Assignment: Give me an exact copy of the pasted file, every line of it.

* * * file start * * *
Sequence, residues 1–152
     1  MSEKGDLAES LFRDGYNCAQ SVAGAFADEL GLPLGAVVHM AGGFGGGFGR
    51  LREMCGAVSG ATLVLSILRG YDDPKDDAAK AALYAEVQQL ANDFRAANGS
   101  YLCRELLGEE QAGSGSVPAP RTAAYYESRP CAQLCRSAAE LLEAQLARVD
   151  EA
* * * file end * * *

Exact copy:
Sequence, residues 1–152
     1  MSEKGDLAES LFRDGYNCAQ SVAGAFADEL GLPLGAVVHM AGGFGGGFGR
    51  LREMCGAVSG ATLVLSILRG YDDPKDDAAK AALYAEVQQL ANDFRAANGS
   101  YLCRELLGEE QAGSGSVPAP RTAAYYESRP CAQLCRSAAE LLEAQLARVD
   151  EA